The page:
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Censor

54/100
A woman in a forest with a red background and streaks of blood drying on her face

For a roughly 20-year period beginning in the early 1980s, low-budget horror films were considered a primary threat to the safety of the British public. While reliably puritanical Americans were scandalized by the lyrics to “Darling Nikki,” their British counterparts were shocked and appalled by a slate of so-called “video nasties” — generally low-budget exploitation films that ranged from the ripe theatrics of Herschell Gordon Lewis’s Blood Feast to the grim sexual violence of The Last House on the Left and the Nazisploitation cycle that included such prosaic titles as Love Camp 7, Gestapo’s Last Orgy and The Beast in Heat. Following years of pressure from tabloids and special-interest groups who insisted these titles were corrupting the populace, the conservative government began applying stricter censorship standards to video releases, spurring the British Board of Film Classification (BBFC) to demand that certain scenes be trimmed or eliminated from even adults-only titles (rated “18”) or denying certification altogether. Selling or renting unclassified videos became a criminal offense.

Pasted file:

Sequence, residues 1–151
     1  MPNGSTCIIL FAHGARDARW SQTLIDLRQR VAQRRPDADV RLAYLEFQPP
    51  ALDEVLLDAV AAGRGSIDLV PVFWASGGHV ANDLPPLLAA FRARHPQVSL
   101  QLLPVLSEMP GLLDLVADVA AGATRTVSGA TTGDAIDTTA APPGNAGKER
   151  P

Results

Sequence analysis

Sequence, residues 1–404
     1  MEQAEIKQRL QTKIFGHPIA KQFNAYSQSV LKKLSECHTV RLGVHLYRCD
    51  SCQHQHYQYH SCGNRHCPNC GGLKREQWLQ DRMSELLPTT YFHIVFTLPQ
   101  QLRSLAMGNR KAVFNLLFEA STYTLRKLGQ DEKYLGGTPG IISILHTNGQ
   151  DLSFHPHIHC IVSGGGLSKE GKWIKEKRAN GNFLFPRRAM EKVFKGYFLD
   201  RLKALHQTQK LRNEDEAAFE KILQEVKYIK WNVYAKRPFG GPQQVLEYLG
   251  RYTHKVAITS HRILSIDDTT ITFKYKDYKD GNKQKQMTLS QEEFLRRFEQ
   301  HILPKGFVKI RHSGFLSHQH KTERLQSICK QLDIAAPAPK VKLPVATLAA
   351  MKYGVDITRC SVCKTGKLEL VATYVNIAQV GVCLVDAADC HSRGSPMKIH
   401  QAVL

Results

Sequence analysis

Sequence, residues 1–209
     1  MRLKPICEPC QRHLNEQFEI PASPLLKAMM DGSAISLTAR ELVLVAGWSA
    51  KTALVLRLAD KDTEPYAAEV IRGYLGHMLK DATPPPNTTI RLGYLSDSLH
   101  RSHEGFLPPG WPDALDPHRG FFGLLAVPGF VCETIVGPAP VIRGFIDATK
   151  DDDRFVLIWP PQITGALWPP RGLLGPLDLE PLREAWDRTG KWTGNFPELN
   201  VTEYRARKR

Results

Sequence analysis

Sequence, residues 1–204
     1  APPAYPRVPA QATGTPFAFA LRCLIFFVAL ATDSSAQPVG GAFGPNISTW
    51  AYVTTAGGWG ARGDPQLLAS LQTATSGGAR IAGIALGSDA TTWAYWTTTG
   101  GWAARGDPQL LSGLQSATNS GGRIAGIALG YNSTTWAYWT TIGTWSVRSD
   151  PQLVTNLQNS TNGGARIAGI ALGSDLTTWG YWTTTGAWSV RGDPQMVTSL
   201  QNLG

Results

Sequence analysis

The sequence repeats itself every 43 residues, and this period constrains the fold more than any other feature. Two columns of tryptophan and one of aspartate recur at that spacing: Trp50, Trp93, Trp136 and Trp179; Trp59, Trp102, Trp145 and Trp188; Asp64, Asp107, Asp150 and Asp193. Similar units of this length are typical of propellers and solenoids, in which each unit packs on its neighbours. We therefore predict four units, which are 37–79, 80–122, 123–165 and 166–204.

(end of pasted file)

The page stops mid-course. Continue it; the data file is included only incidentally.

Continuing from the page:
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Possessor

95/100

Possessor opens with a glossy murder sequence that seems to be the jumping-off point for a glossy techno-thriller. The killer is revealed to be an assassin who operates by taking over the minds of working-class stiffs who are in a position to be close enough to various VIPs to carry out quick hits. Each unlucky prole chews on a bullet as the possessor controlling their actions blinks out of the equation and returns to her own body. Having established the kind of killer premise that an enterprising show-runner could use as fodder for two, maybe three seasons of a Netflix original, the film gets restless and almost immediately veers into uncharted territory, as the apparently imperturbable killer Tasya Vos (tough, wiry and tender Andrea Riseborough) reveals herself to be distracted by concerns over her disintegrated family life–and perhaps unfit to fight back when one of her meat puppets, a rank-and-file big-tech employee named Colin (Christopher Abbott), manages to rebel against her control.

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Total Recall

75/100